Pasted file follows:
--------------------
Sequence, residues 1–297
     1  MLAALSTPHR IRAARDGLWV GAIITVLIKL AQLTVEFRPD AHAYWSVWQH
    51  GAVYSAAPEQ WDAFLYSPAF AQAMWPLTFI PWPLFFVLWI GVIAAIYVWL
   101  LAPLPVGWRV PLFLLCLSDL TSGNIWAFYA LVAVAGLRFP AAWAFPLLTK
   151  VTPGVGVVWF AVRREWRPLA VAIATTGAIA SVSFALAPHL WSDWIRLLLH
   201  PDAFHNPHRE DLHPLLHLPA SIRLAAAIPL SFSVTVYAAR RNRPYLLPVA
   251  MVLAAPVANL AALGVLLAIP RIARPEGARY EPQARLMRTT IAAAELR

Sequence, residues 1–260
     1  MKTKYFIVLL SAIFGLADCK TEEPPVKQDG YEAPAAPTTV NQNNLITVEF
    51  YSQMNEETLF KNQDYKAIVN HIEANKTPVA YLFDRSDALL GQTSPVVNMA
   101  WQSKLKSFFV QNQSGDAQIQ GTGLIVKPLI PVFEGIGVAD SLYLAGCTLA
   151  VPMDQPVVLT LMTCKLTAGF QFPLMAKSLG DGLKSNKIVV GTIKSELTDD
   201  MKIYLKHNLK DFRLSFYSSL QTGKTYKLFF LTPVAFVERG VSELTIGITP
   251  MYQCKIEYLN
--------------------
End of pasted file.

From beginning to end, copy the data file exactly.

Sequence, residues 1–297
     1  MLAALSTPHR IRAARDGLWV GAIITVLIKL AQLTVEFRPD AHAYWSVWQH
    51  GAVYSAAPEQ WDAFLYSPAF AQAMWPLTFI PWPLFFVLWI GVIAAIYVWL
   101  LAPLPVGWRV PLFLLCLSDL TSGNIWAFYA LVAVAGLRFP AAWAFPLLTK
   151  VTPGVGVVWF AVRREWRPLA VAIATTGAIA SVSFALAPHL WSDWIRLLLH
   201  PDAFHNPHRE DLHPLLHLPA SIRLAAAIPL SFSVTVYAAR RNRPYLLPVA
   251  MVLAAPVANL AALGVLLAIP RIARPEGARY EPQARLMRTT IAAAELR

Sequence, residues 1–260
     1  MKTKYFIVLL SAIFGLADCK TEEPPVKQDG YEAPAAPTTV NQNNLITVEF
    51  YSQMNEETLF KNQDYKAIVN HIEANKTPVA YLFDRSDALL GQTSPVVNMA
   101  WQSKLKSFFV QNQSGDAQIQ GTGLIVKPLI PVFEGIGVAD SLYLAGCTLA
   151  VPMDQPVVLT LMTCKLTAGF QFPLMAKSLG DGLKSNKIVV GTIKSELTDD
   201  MKIYLKHNLK DFRLSFYSSL QTGKTYKLFF LTPVAFVERG VSELTIGITP
   251  MYQCKIEYLN